High densities of this grass produce standing crops of between 10
to 20 tonnes per hectare, four to 10 times more fuel than native
tropical grasses4. Unlike the other invasive exotic grasses there
are no equivalents to gamba grass in northern Australian savannas
The lifecycle of gamba grass is also different to native grass
species. It flowers in the early dry season and continues to grow
well into the mid-dry season, presumably reflecting extremely
efficient use of water and root systems that can exploit moisture
in the subsoil. This leads to a dangerous combination: great height
and above-ground biomass in the late dry season. This creates fires
for which there is no previous parallel. Indeed gamba can behave
more like a short flammable tree than a grass; flames of these
fires can reach the leafy canopy of eucalypts and defoliate or kill
them. Gamba grass fires can be so intense that the efforts of fire
fighters to contain blazes are thwarted.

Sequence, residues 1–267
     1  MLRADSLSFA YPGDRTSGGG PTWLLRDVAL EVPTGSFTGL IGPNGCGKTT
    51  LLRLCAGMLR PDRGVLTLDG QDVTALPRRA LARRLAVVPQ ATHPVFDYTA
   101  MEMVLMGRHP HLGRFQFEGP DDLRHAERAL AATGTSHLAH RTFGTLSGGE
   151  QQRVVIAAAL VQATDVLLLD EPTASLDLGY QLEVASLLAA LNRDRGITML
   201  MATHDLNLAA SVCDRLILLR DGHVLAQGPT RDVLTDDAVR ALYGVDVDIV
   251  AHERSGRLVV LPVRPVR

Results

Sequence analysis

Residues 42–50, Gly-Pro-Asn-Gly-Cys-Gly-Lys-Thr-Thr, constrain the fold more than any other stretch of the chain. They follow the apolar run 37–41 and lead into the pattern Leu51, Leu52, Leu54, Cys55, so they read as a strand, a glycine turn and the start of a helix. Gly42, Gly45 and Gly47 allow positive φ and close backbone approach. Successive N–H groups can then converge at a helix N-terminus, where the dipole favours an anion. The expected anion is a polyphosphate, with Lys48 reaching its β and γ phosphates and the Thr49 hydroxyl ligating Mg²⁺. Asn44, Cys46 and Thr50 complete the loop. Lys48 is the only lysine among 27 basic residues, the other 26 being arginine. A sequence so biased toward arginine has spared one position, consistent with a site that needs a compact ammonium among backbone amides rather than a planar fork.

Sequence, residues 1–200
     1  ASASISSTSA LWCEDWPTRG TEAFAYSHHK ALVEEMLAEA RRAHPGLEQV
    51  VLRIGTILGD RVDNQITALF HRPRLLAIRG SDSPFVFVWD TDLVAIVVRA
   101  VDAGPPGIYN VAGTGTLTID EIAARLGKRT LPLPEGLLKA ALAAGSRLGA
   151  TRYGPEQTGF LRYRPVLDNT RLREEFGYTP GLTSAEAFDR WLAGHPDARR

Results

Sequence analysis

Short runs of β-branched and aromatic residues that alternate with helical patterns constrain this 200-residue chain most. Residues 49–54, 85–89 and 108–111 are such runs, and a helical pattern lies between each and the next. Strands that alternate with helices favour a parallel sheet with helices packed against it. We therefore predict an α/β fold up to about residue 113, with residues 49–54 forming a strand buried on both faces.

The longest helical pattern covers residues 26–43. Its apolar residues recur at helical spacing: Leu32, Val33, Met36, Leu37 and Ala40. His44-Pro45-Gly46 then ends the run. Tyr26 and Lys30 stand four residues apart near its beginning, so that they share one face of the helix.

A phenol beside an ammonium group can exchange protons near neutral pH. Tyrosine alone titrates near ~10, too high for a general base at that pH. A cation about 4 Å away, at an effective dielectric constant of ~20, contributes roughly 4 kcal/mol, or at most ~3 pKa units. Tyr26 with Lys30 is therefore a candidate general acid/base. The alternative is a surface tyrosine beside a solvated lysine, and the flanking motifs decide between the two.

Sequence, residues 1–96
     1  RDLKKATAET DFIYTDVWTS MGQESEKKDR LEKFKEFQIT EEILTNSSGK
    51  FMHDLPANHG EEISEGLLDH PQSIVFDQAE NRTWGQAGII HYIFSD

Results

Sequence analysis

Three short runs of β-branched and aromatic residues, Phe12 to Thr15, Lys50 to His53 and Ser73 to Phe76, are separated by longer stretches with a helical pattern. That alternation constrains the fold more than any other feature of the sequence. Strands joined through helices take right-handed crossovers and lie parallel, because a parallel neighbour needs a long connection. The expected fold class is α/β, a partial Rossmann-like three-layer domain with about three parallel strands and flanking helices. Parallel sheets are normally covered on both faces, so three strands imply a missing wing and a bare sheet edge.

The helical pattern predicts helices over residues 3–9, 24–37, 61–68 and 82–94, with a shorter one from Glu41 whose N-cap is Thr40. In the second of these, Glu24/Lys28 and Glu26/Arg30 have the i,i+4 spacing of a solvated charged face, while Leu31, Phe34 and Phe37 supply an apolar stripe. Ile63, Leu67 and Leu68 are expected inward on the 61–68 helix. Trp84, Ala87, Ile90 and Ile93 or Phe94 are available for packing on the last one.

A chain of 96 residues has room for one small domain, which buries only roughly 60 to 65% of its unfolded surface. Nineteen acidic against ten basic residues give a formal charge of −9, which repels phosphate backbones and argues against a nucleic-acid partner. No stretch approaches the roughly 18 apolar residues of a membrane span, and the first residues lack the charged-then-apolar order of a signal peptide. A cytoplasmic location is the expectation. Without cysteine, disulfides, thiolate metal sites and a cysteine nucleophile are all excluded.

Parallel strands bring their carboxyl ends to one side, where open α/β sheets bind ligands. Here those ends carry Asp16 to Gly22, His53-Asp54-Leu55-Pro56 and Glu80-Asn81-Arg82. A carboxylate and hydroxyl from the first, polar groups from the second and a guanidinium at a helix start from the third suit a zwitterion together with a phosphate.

The Bushfire Council of the NT considers the grass a major threat
to public safety and in conjunction with other government
departments has initiated a campaign urging landowners in the rural
areas outside Darwin to control gamba grass by destroying
infestations on their properties
Gamba grass has the potential to invade all tall tropical grass
savannas in northern Australia given its broad ecological
toleranceiv. It is able to disperse and establish itself tin
uncleared native vegetation from nearby areas such as pastoral
lands and unintentional infestations on roadsides and other areas
of disturbance. Because gamba grass jumps property boundaries and
hitches rides it is merely a matter of time before it is able to
realise its geographic potential.
In sum, we have unwittingly pitted fire-tolerant northern
Australian eucalypt trees against an extremely fire-adapted west
African grass in a potentially fierce evolutionary struggle.
Garry Cook of CSIRO Wildlife & Ecology, is of the view that